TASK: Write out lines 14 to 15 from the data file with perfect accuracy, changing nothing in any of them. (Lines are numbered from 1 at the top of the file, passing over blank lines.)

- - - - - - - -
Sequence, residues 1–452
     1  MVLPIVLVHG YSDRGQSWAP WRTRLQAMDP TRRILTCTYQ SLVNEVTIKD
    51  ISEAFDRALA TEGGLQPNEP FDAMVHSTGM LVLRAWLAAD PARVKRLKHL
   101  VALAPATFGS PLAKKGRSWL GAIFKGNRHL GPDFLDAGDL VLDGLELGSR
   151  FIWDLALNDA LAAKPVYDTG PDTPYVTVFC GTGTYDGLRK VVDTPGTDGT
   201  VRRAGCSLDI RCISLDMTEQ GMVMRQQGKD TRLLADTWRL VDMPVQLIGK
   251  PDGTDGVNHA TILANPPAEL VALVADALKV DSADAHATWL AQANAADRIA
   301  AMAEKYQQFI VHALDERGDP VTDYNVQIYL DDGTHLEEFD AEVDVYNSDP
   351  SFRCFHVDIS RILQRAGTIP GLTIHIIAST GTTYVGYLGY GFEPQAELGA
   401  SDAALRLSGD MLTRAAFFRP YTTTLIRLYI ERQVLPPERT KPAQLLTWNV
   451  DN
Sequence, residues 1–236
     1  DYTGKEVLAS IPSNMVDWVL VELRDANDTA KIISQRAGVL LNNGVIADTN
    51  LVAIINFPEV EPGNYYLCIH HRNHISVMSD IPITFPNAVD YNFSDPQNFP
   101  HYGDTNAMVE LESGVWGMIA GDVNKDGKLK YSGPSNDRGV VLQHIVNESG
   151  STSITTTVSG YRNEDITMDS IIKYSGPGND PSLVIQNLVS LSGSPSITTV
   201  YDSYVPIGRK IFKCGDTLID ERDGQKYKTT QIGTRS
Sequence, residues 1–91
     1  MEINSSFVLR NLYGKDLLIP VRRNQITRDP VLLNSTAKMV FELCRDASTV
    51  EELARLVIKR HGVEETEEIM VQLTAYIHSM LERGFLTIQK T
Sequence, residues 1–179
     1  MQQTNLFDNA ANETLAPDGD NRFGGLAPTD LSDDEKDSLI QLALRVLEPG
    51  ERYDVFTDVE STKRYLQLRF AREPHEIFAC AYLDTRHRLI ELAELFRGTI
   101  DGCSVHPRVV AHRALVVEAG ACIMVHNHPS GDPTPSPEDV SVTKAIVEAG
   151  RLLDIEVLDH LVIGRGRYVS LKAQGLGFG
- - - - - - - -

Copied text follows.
    51  LVAIINFPEV EPGNYYLCIH HRNHISVMSD IPITFPNAVD YNFSDPQNFP
   101  HYGDTNAMVE LESGVWGMIA GDVNKDGKLK YSGPSNDRGV VLQHIVNESG